KUALA LUMPUR – Ministers from DAP, M. Kula Segaran and Gobing Singh Deo urged Prime Minister Tun Dr Mahathir Mohamad to extradite controversial Islamic preacher Dr Zakir Naik.
In a joint-statement today, the Minister of Human Resources and the Minister of Communications and Multimedia said that Zakir should not be allowed to stay in Malaysia following his statement questioning the loyalty of Malaysian Hindus.
“We have stated our stand, where actions need to be taken and Zakir Naik should not be allowed to stay in Malaysia.
“The Prime Minister took note of our concerns. We leave it to him to decide on how to handle the issue,” said the duo.
In his recent talk in Kelantan, Zakir compared the Hindus in Malaysia, whom he alleged has a lot of privileges compared to the Muslims in India.
The preacher also alleged that the Hindus in Malaysia are more loyal to the Prime Minister in India, Narendra Modi than their own Prime Minister, Tun Dr Mahathir Mohamad.
Elaborating further, the two ministers said that Zakir should not be allowed in any future talks.
“We also raised our concerns that his statements had raised a lot of anger among our people.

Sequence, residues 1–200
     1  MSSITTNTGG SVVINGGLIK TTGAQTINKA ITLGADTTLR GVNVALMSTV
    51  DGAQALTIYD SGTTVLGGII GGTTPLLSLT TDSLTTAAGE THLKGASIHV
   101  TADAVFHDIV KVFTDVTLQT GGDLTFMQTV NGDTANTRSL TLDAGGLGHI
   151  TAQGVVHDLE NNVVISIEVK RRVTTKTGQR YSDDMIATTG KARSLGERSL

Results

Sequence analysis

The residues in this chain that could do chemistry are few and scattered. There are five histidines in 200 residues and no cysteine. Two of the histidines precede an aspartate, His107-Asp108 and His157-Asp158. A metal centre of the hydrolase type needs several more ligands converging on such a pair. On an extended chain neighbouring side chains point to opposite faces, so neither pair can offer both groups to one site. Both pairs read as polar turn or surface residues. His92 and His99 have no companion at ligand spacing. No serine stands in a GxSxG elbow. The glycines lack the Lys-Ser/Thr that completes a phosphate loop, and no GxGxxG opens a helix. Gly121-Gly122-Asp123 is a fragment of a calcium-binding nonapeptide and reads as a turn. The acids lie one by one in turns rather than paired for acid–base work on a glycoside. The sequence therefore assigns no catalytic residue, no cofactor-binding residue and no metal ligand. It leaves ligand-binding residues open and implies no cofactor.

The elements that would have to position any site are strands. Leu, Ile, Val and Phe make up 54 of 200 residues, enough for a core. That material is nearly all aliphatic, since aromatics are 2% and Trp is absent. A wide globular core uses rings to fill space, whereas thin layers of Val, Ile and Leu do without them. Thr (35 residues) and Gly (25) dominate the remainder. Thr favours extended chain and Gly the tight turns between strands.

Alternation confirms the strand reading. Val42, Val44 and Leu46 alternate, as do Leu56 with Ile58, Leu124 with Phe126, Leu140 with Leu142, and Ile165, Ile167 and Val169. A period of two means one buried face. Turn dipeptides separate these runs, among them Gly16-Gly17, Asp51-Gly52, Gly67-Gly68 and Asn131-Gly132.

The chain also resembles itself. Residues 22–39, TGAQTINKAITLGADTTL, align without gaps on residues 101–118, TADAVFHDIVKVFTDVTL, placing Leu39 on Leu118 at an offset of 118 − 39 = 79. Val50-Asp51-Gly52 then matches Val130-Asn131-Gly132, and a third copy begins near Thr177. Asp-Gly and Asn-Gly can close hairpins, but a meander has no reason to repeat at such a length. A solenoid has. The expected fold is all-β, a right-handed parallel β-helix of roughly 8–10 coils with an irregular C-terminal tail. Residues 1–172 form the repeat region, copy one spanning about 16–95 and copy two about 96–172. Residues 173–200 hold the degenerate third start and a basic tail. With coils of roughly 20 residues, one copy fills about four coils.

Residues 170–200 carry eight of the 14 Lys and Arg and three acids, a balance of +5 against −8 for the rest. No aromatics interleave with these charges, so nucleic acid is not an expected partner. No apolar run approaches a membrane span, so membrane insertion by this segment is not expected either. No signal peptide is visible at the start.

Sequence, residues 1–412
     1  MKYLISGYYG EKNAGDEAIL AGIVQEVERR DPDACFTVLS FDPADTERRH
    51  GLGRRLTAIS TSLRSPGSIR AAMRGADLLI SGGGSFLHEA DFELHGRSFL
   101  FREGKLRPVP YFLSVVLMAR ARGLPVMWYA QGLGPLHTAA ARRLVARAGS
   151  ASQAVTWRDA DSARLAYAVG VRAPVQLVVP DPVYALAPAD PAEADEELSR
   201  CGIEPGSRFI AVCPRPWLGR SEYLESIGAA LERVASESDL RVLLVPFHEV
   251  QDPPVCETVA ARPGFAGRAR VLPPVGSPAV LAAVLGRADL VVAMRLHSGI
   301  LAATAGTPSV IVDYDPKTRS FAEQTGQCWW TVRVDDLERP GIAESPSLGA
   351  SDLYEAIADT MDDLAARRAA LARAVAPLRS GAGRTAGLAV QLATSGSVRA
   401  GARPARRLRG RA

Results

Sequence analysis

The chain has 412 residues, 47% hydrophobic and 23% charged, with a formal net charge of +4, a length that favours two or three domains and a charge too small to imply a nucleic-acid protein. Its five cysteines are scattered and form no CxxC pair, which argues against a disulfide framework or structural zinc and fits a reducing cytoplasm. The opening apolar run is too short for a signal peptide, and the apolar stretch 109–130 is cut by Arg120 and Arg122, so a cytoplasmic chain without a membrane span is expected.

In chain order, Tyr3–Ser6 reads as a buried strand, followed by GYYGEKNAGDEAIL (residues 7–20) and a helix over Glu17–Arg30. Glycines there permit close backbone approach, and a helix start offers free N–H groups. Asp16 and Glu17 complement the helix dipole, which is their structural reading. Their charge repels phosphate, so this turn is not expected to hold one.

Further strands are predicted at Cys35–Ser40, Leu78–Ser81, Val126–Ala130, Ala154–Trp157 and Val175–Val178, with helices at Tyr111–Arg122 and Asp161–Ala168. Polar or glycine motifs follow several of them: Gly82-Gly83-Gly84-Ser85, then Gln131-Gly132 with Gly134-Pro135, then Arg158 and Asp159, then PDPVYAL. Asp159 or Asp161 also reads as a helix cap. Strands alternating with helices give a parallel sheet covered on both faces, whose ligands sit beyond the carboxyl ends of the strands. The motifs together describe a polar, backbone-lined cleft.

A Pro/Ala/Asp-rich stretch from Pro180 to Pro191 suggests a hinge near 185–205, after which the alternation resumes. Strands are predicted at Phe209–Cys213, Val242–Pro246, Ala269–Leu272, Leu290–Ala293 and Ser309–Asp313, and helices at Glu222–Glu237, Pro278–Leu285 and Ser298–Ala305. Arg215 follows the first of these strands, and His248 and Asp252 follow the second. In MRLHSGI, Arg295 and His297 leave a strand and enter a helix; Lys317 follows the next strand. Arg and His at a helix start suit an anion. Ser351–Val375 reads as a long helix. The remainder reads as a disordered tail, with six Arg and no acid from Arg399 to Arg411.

“Therefore, we raised our objection towards Zakir Naik and urge him not to hold any other activities in Malaysia, or make further statements which can impact the public order and relationship between our multi-racial citizens,” said the two leaders from DAP.
Zakir, who is also a Permanent Resident of Malaysia is wanted by the Indian authorities to appear in the special Prevention of Money Laundering Act (PMLA) court on 31 July. He is facing charges for inciting communal disharmony and committing unlawful activities in India.
Besides that, Zakir is also facing probes in India and Bangladesh on terror attack at the Holey Artisan Bakery in Dhaka in July 2016 when the two suspects of the attack claimed that they were inspired by Zakir’s preaching.
Furthermore, the Indian Enforcement Directorate (ED) had also filed a complaint against Zakir on money laundering charges amounting to Rs193.06 crore (RM115 million). -MalaysiaGazette